Technology

How the 'CES' of Blockchain Technology Is Producing Regulatory Leadership

Congress is speaking out too.
How the 'CES' of Blockchain Technology Is Producing Regulatory Leadership
Image credit: DELTA Summit | Facebook
Guest Writer
Entrepreneur, Lawyer, Author and Freelance writer
5 min read
Opinions expressed by Entrepreneur contributors are their own.

­For the Consumer Electronics Show (CES), the U.S. has Las Vegas. For blockchain technology and sweet new startups, Malta, aka “Blockchain Island,” has the DELTA Summit. So in a sense, the DELTA Summit has become the CES of blockchain technology.

Malta has become the tropical breeding grounds for technologically innovative blockchain startups. This year has been the year of regulatory exploration. Whether we are talking about the U.S. or international authorities, the entire cryptocurrency community, as well as the blockchain technology enthusiasts, have all wanted the answer to one question -- How can we do this without getting in trouble?

Related: Entrepreneurs Are Flocking to Europe to Open Cryptocurrency Businesses

Dubbed “Blockchain Island” for a reason, Malta, in its allowance of newly-innovative projects to establish themselves on the island, wants to show the rest of the world how it can lead, especially when it comes to regulation.

The DELTA Summit.

Earlier this month, Malta held its blockchain conference, DELTA Summit, attracting more than 3,500 industry experts and government officials. The Summit operates as a platform for investors and experts to share their experience and opinions, specifically on the controversially debated issue of regulation, with fellow entrepreneurs and investors of all ages.

Congress speaks out.

Blockchain and cryptocurrency has sneaked up on all of us and has shot into the kind of relevance that many are calling long-term. The result is that it isn’t just crypto-enthusiasts that are asking for guidance in the regulatory framework anymore, Congress is speaking out as well.

Last month, more than a dozen members of the U.S. House of Representatives sent a letter to U.S. Securities and Exchange Commission (SEC) Chairman Jay Clayton, urging him and the agency to provide clear guidance to investors on how it plans to regulate cryptocurrency.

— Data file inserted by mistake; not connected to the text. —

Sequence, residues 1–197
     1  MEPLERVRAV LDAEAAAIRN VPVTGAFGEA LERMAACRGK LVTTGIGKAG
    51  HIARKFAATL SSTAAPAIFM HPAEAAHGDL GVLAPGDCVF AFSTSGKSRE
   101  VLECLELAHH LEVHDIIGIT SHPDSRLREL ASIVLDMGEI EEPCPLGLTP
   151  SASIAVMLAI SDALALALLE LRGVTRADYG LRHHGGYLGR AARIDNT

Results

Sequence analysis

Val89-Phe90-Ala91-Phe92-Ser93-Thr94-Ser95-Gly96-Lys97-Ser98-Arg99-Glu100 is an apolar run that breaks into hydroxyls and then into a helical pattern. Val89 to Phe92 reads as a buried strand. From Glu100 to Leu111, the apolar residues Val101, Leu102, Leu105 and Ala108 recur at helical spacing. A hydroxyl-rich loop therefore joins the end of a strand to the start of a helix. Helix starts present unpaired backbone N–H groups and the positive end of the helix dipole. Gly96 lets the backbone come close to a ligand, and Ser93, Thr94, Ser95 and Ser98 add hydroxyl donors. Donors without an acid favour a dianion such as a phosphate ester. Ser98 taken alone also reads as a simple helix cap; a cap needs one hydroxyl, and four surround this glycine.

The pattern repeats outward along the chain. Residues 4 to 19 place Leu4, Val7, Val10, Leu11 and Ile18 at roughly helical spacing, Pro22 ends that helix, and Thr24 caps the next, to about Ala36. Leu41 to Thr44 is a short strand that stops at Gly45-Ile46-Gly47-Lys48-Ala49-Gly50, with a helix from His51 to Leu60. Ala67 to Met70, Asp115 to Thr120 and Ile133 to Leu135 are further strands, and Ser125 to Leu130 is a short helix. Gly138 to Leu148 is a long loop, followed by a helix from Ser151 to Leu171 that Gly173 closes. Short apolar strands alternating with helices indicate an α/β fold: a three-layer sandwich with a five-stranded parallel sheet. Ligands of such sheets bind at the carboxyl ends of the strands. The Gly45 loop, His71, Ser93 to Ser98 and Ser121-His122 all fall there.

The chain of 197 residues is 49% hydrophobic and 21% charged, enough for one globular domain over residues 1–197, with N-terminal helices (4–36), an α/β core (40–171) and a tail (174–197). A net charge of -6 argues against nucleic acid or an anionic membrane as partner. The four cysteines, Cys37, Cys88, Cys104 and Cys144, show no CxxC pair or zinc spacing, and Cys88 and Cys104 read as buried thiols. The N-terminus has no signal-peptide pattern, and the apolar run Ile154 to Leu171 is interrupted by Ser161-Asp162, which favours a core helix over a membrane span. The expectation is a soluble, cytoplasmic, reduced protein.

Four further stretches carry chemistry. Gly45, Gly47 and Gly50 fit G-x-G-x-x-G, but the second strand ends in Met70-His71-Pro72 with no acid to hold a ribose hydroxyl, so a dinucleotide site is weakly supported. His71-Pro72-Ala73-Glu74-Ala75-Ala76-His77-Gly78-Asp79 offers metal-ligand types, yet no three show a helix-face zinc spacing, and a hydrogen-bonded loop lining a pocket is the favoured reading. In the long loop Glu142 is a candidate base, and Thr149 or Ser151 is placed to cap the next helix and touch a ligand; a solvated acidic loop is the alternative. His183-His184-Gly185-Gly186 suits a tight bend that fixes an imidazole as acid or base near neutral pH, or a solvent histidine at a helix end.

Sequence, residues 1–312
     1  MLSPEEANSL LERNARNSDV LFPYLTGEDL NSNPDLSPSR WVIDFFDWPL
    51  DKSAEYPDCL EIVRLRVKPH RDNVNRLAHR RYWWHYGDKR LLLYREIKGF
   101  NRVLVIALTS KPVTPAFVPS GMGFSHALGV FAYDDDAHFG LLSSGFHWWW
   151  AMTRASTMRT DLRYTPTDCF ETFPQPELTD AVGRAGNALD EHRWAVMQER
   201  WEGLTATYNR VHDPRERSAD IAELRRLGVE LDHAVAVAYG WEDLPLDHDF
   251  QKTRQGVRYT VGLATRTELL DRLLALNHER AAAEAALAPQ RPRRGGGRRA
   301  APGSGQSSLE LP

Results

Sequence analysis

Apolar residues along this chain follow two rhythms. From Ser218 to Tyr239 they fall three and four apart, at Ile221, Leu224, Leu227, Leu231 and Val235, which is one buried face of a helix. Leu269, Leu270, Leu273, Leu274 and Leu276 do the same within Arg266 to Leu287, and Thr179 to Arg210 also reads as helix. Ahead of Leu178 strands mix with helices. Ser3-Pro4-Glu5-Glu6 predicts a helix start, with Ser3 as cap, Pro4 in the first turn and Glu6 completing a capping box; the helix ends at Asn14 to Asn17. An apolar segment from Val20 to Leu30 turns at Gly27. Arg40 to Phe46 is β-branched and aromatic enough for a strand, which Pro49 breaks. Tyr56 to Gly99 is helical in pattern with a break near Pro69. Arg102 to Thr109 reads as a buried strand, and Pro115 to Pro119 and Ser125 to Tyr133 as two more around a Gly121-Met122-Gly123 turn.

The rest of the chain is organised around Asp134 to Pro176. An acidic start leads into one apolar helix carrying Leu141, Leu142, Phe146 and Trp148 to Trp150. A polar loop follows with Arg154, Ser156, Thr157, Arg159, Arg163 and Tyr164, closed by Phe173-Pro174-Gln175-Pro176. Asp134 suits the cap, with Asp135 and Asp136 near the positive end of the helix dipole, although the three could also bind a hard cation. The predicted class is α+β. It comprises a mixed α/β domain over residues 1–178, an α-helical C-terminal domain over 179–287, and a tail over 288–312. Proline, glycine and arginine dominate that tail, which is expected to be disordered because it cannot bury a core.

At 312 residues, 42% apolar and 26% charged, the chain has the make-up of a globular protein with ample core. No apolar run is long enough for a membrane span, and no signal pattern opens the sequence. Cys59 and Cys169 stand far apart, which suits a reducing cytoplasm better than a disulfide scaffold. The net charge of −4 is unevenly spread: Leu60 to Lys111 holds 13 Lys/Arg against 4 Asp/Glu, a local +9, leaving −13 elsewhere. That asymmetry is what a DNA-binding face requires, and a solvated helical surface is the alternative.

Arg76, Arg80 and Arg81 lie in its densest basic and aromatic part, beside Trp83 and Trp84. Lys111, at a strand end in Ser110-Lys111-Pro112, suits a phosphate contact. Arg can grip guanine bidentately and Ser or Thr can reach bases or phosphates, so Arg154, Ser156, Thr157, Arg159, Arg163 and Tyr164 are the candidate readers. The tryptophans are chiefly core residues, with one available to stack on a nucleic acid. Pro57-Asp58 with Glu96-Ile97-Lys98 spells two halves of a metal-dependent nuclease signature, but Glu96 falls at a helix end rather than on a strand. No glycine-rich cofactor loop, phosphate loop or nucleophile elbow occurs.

Since the 1946 U.S. Supreme Court decision SEC v. W.J. Howey Co., the Howey Test has been used for clarifying whether or not an asset was considered to be a “security” versus a “commodity.”

Under Howey, the Court held that a transaction is an investment contract, or security, if “a person invests his money in a common enterprise and is led to expect profits solely from the efforts of the promoter or a third party.”

Currently, the SEC believes U.S. Securities law to be guidance in itself for this newly created digital asset class. While Bitcoin and Ether have both been declared “commodities” by the U.S. Commodity Futures Trading Commission (CFTC), all other assets are currently regulated under the Howey Test.

The SEC, prior to the recently received Congressional letter, has made it clear that there would be no exceptions to U.S. Securities law made for cryptocurrencies.

Related: What It's Actually Like to Work at a Crypto Startup

“We are not going to do any violence to the traditional definition of a security that has worked for a long time,” Clayton said in a previous CNBC interview. “If you have an ICO or a stock, and you want to sell it in a private placement, follow the private placement rules. But, if you want to do any IPO with a token, come see us.”

In Clayton’s eyes, the U.S. has already built a $19 trillion securities market that the world looks to for guidance, but according to investors and crypto-enthusiasts, this isn’t so cut and dry, and if there isn’t clear guidance, innovation could be driven elsewhere, overseas perhaps.

From AngelList to straight up compliance.

The U.S. has previously passed legislation allowing for the creation of companies such as AngelList, Kickstarter and Indiegogo. As we have seen, new companies like the AngelList spinoff, Republic, has taken shape, redefining the bounds of regulation.

Back to the DELTA Summit, it was extremely exciting for the sponsored companies like Binance, OKEx and ABCC aim to be a regulatory model for their own demographic. After the Summit concluded, ABCC’s CEO, Calvin Cheng, spoke about what it takes to be a leader in this space and what they had done to make it into the Top 5 category of mobile applications in the Google Play Store. “What distinguishes our exchange from similar ones is our team and commitment to long term sustainability," he said.

Cheng said that in a year full of data breaches like Equifax and Facebook, they have begun to jump on board with various insurance companies, looking at readily available “cyber-insurance” policies which the space has been lacking for quite some time.

Related: Why Entrepreneurs Shouldn't Panic About the Bitcoin Slump

This highlights another problem that the blockchain space has faced. Sure blockchain is getting hotter right now, but how long will it last? The partnerships with insurance companies to create a cyber-insurance policy, such as ABCC has done, is an approach many other platforms are now adopting. In my opinion, it is an absolutely necessary step as the entire nature of blockchain is to handle information and often sensitive information. This is a step in the right direction for the regulation of the every growing blockchain space.

The relevance of Malta and the DELTA Summit is that it offers enthusiasts and entrepreneurs in the space and avenue to meet, innovate and hence, they are not waiting around for governments to do the work of regulation. There are enough people and even governments enthusiastic enough to both adopt it, invest in it and to push for proper regulation.

If that doesn’t spell long-term for you, then I don’t know what will. 

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